Questions about the Inspiration of the Scriptures, Inerrancy, troubling texts, contradictions in the Bible, etc., keep cropping up here at OutsideTheBox. Today’s post will be the first in a “sometimes series” on the Bible entitled, “Accurately Handling the Word of Truth.” In this series, I will state my own views on the Bible, and perhaps help some of my readers to sort out their honest and troubling questions about the Scriptures.

Today's post looks at the question of Inspiration. It was written 18 months ago in the aftermath of controversy surrounding my views on the sciences of cosmology and evolution in the local church to which I belong. I wrote it originally to dispel concerns that I no longer "believed the Bible." Not at all certain that I accomplished that purpose, I offer it here anyway in hopes it may, at least, clarify my views for my readers.

As I was preparing this post, I happened upon this excellent
post on “Negotiating Tensions in the Bible” which Chris Tilling posted over at Chrisendom earlier today. Those interested in a deeper, more scholarly approach to these issues may wish to read his essay, which he recently penned for some of his own students grappling with these difficult questions. Happy reading!

As always, I invite your comments.

Inspiration of the Scriptures
By Cliff Martin

What was the process of the inspiration of the Scriptures? How did it happen? To what degree are the Scriptures without error? How dependable are they? Can we safely base our lives on their teachings? These are fair and responsible questions. As I am being asked to clearly state what I believe about these questions, I have chosen to declare in writing my views on the inspiration of the Bible.

Three issues swirl about the larger question of inspiration. Every Bible believer who desires to maintain a reasonable and viable faith is obliged to face three issues honestly and thoughtfully. The three issues are:

1. How does the Bible square up with external evidences? When we place the Bible alongside the findings of history, geology, cosmology, and biology, how much agreement or disagreement do we find? And if we find discrepancies, what do they tell us about Inspiration?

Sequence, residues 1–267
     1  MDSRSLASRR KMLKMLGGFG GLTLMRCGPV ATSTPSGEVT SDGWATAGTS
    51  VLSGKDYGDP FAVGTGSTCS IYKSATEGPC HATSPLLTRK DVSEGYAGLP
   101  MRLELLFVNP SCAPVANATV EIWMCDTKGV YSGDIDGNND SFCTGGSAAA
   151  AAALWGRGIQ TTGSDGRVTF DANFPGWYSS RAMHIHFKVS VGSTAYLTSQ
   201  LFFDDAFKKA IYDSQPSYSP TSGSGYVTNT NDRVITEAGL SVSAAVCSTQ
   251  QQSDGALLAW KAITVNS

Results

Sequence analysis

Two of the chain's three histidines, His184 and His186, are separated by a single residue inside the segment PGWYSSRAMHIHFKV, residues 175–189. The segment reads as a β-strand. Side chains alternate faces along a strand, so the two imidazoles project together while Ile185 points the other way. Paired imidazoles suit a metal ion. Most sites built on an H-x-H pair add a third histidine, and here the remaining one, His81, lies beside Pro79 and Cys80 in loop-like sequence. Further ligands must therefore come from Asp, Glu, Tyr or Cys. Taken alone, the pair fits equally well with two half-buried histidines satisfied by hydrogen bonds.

2. How does the Bible square up with internal evidences? Are there contradictions? Do we find teachings in the Old Testament, for example, that do not align well with the nature of God as we understand him from the life of Jesus, and the New Testament? If the Bible disagrees with itself in matters of history and/or theology, what does this tell us about Inspiration?

3. What does that Bible say about itself, both explicitly, and inferentially? Does the Bible declare itself to be without error? What can we glean from the writers themselves? For many Christians, the starting point must be this third set of issues. It is argued that if the Bible makes certain definitive claims about itself, issues one and two must be laid aside. So I will begin this discussion with this question: What does the Bible itself declare about itself?

First, we must recognize that the Bible says nothing about itself. The Bible as we have it had no “self identity” until the process of canonization, hundreds of years after the last words were penned. To construe any claims within the texts about the “Scriptures” as encompassing all of the texts contained in our Bible ignores this fact. Or we must use an unlikely premise that the authors who made the claims were doing so in anticipation of the defining of Scripture which was not to occur for some 300 years or more.

However, New Testament writers did look back upon a defined set of the Hebrew Scriptures. And many of these writers, and Jesus himself in his spoken words, clearly regarded Old Testament texts which they quoted to be the words of God (though we must be careful not to press this point too far—often they quoted the textually corrupt Septuagint). They might, for example, quote an Old Testament Scripture with the words “the Holy Spirit says ....” Neo-orthodox thinkers like Karl Barth [1], and many others who do not believe in plenary verbal inspiration, confess their belief that God’s Holy Spirit does indeed speak to us through the Bible, through the very words. But it requires a deductive leap to conclude that these New Testament authors therefore regarded all of the O.T. as the very words of God, without error. Such a claim is never made anywhere in the Bible. But Paul does declare that the Scriptures (however he might have defined them) were inspired. Let’s examine this clearest of all Biblical claims about its composition, from 2 Timothy 3:16: